The real question for us is, is he going to be worth the price of two good to very good players? Will he hit like a corner player (which he kind of has to at $23MM per year)? If he hits like the best catcher, but doesn’t produce close to a corner player, how much harder will it be for the Twins’ to win? Because right now, he doesn’t look worth $23MM going forward.

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  3. wayne says:

    It’s probably too early to draw conclusions, but one contributing factor might be Target Field. It’s been home run suppressive in general, and although anything game announcers say should be taken with a grain of salt, I believe I heard Dick Bremer say that Jim Thome’s dinger yesterday was the first opposite field HR hit there all season. Given Mauer’s tendency to go the other way, his home ballpark might be detrimental for him.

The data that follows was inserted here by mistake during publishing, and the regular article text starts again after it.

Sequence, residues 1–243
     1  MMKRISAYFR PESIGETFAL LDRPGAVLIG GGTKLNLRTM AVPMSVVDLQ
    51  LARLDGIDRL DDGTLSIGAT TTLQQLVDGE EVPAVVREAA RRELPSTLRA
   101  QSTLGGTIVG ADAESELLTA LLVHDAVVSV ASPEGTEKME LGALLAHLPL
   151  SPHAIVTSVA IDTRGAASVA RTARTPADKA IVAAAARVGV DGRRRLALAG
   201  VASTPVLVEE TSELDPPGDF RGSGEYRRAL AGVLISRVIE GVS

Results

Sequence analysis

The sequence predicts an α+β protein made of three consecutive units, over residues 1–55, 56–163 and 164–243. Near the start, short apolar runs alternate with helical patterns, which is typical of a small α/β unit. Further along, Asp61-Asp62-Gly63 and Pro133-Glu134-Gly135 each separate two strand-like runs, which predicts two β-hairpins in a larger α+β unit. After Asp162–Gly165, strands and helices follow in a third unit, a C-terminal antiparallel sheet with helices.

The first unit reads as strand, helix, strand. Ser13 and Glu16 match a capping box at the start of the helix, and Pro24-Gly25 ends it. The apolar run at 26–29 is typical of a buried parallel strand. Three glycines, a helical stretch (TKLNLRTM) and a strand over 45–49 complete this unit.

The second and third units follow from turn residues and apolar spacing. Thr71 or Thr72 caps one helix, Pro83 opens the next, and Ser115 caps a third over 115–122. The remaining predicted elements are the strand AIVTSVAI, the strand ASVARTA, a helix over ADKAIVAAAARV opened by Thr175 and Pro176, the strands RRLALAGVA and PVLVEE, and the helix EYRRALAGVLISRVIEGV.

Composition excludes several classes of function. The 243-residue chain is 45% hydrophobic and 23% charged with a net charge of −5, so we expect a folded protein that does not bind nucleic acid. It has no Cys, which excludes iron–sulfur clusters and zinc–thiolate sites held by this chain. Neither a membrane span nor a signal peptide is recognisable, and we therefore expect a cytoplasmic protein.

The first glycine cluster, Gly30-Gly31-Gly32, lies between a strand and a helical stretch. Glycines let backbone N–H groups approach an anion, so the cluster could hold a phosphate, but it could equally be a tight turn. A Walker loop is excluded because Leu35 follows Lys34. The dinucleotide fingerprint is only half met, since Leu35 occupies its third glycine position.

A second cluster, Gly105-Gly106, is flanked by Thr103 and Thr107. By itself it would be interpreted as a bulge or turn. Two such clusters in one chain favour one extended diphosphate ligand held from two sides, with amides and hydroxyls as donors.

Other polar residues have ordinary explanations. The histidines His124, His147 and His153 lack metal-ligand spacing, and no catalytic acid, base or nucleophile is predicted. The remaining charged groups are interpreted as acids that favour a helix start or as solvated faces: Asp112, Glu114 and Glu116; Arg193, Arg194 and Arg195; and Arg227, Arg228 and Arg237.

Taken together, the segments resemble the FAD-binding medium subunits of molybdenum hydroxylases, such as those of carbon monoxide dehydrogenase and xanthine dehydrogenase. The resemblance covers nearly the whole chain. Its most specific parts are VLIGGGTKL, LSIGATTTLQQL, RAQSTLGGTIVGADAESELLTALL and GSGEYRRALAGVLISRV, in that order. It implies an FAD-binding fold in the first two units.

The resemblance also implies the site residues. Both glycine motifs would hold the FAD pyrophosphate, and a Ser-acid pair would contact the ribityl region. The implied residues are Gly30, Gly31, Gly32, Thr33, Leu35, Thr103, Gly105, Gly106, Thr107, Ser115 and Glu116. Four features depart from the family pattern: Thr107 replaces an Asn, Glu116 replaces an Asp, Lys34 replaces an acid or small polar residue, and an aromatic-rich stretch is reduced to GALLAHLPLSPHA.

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    • Bryz says:

      Perhaps opposite field by a lefthanded batter. Early in the season, Michael Cuddyer hit an opposite-field homer to right field.

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      • wayne says:

        Yep, you’re right. There have been three opposite-field homers total, and Thome’s was the first by a lefty.

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  4. Bodhizefa says:

    How awful would it be if after the Twins signed Mauer to the longterm deal, it turns out their newly minted ballpark actually suppresses their star’s power? It’s far too early to say if that’s the case or not, but it sounds like a nightmare scenario to me if there’s any truth to it.

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    • Travis L says: